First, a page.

JW Marriott Essex House
|JW Marriott Essex House|
|Location||160 Central Park South
New York City, New York
|Owner||Strategic Hotels & Resorts|
|Height||140.51 m (461.0 ft)|
|Design and construction|
|Architect||Frank Grad & Sons|
|Number of rooms||509|
|Number of restaurants||South Gate Restaurant and Bar
The JW Marriott Essex House, opened in 1931 and commonly known as the Essex House, is a 44-story luxury hotel with 509 Art Deco style rooms, located at 160 Central Park South in Manhattan, across the street from the southern border of Central Park. The building also includes a large number of condominium residences. It is immediately recognizable by its original red neon rooftop sign.
Construction began on October 30, 1929, one day after the Wall Street Crash of 1929. The hotel was first intended to be named the Park Tower and then the Sevilla Tower. However the Great Depression slowed construction and the hotel did not open until October 1, 1931, as the Essex House. It was built on part of the expansive site of José Francisco de Navarro's "Navarro Flats", built in the 1880s as an experiment in condominium apartments.
The following year, the hotel erected its iconic six-story sign on the roof. It was also taken from its bankrupt owners by the US Government's Reconstruction Finance Corporation, which owned it for the next 15 years. In 1946, the hotel was bought by the Sterling National Bank & Trust Co. They sold the Essex House to Marriott Hotels in 1969, who operated it until 1985 as Marriott's Essex House. Marriott sold the hotel to Japan Air Lines (JAL) in 1985, who ran it under their Nikko Hotels division as Essex House Hotel Nikko New York. Japan Air Lines then sold it to Strategic Hotels & Resorts in 1999, who brought in Starwood Hotels to manage it under their Westin Hotels division as Essex House - A Westin Hotel.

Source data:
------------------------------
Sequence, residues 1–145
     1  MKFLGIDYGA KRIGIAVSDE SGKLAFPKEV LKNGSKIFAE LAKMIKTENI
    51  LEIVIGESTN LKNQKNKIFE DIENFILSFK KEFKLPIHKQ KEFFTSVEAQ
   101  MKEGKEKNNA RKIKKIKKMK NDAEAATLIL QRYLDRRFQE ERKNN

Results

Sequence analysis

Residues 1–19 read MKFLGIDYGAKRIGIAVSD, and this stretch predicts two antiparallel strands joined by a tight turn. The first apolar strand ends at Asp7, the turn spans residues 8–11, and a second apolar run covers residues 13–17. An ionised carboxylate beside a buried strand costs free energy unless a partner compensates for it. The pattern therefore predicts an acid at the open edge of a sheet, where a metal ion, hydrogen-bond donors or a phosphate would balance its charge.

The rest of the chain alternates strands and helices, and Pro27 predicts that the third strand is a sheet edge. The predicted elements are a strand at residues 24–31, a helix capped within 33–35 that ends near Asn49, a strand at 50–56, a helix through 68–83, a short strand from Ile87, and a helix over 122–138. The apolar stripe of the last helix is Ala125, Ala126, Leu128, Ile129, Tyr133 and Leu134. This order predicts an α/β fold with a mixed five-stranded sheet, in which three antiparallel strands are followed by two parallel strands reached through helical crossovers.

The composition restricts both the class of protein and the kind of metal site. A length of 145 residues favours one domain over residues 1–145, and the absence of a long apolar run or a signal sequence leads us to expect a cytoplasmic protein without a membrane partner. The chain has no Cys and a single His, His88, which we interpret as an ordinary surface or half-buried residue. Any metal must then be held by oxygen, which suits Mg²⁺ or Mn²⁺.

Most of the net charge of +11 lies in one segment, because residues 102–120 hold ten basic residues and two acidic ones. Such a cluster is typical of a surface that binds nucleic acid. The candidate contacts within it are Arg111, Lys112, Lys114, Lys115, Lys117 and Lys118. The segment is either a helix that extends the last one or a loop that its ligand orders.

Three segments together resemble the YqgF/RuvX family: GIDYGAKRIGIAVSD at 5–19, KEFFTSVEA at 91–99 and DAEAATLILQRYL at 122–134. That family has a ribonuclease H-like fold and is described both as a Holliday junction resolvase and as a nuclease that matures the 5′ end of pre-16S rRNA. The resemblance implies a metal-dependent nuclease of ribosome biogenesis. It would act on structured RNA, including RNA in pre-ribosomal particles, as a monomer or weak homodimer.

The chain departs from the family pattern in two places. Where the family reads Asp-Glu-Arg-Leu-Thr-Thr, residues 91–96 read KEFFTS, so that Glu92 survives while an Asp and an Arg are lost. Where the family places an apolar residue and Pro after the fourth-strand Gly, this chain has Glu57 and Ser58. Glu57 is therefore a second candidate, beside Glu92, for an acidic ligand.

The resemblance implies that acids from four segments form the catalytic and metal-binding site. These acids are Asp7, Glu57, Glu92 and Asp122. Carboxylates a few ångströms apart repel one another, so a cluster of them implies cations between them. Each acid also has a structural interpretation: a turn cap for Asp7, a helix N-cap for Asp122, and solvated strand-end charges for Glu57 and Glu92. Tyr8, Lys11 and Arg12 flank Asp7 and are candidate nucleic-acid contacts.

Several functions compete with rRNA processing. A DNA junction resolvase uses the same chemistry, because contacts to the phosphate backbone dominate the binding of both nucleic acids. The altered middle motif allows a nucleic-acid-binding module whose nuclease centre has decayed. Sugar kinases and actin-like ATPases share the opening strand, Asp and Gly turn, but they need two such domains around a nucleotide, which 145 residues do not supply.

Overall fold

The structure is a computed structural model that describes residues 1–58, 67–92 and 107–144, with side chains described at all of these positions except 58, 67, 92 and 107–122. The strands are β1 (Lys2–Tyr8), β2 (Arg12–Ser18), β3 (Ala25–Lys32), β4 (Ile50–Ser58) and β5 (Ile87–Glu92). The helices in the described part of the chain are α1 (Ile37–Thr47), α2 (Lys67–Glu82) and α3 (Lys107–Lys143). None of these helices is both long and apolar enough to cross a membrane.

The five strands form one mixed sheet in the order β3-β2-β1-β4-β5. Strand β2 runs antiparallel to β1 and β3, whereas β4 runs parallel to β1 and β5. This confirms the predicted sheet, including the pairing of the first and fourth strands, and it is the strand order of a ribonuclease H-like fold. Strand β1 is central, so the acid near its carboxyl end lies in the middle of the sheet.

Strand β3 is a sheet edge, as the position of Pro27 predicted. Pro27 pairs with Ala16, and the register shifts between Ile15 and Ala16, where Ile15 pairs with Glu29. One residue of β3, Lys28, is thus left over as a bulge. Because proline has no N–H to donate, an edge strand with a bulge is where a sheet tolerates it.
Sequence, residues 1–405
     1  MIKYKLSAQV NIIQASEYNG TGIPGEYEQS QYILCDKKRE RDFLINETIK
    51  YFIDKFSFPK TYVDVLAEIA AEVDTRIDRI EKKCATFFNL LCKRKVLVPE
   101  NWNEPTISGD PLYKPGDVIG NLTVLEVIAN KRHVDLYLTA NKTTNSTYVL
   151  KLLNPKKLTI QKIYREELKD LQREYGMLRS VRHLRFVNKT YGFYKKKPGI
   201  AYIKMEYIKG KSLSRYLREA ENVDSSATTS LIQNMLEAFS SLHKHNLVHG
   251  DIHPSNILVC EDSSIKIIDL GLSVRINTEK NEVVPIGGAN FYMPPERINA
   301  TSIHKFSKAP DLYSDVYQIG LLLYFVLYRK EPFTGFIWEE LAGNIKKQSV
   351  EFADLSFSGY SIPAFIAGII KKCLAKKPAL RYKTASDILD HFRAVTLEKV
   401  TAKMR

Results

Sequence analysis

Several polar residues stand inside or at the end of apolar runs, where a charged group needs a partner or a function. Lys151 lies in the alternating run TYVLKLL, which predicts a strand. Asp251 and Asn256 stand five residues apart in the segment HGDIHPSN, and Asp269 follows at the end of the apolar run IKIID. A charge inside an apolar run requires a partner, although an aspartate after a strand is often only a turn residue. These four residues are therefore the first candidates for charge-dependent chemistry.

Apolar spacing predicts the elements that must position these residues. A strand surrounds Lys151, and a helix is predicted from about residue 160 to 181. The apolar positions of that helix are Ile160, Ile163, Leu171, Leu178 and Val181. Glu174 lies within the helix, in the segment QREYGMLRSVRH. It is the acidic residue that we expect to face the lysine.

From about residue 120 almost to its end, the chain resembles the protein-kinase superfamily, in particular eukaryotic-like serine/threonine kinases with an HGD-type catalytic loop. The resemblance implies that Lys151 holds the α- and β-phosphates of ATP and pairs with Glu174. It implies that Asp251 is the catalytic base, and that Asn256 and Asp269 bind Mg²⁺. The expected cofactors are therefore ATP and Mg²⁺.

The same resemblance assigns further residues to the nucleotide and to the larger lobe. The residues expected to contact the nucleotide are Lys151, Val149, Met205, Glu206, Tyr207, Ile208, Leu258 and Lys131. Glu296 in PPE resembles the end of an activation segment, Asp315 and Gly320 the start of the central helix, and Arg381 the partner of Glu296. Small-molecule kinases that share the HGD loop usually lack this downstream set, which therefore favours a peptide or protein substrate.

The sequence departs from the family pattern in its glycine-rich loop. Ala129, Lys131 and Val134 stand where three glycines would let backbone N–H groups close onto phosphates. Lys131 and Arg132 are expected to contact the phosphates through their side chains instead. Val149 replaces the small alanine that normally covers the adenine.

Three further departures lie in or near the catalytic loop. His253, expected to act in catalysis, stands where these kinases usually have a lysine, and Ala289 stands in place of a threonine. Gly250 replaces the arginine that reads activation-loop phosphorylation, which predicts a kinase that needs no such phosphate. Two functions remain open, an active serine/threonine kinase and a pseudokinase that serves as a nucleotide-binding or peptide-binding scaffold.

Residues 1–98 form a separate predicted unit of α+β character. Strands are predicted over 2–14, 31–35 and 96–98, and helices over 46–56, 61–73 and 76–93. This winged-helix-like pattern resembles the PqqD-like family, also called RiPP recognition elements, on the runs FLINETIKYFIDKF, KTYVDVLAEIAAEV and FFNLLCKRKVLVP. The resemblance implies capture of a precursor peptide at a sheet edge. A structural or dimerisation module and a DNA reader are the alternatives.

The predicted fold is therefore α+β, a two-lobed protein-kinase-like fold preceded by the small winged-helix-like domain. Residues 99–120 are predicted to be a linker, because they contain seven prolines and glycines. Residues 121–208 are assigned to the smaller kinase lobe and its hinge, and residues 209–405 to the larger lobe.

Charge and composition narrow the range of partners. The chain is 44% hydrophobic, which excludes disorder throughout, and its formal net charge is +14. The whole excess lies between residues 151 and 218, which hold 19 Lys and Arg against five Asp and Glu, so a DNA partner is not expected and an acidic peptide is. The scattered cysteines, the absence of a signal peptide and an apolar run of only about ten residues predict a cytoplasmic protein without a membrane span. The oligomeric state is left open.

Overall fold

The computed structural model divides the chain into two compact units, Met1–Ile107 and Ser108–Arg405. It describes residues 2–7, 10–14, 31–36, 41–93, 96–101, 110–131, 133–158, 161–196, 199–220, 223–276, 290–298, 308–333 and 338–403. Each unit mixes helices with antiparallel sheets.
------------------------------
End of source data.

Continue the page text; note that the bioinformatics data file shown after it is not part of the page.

The Dubai Investment Group acquired the hotel from Strategic in 2006 for $424 Million. They put it under their Jumeirah Group as Jumeirah Essex House and undertook a $90 million renovation, overseen by Hirsch Bedner Associates, an Atlanta-based design firm.
In 2012, Strategic Hotels & Resorts re-acquired the hotel from the Dubai Investment Group for $325 Million - $50 Million less than they had sold it for 6 years earlier. The hotel was renamed JW Marriott Essex House New York on September 8, 2012, after the sale closed.
The hotel was formerly the home of a many-starred restaurant, Alain Ducasse at Essex House. However, Ducasse closed the restaurant at Essex House in January 2007. In early 2008, South Gate Restaurant and Bar opened in the hotel.
The hotel's main restaurant, South Gate, features a seasonally inspired modern-American menu and overlooks Central Park. Other facilities include The Spa, a 24-hour fitness center and business center. JW Marriott Essex House also features banquet facilities including the Grand Salon, Petite Salon and Art Deco Salon.
In popular culture
- In the famous 1932 photograph Lunch atop a Skyscraper, the neon Essex House sign can be seen in the background.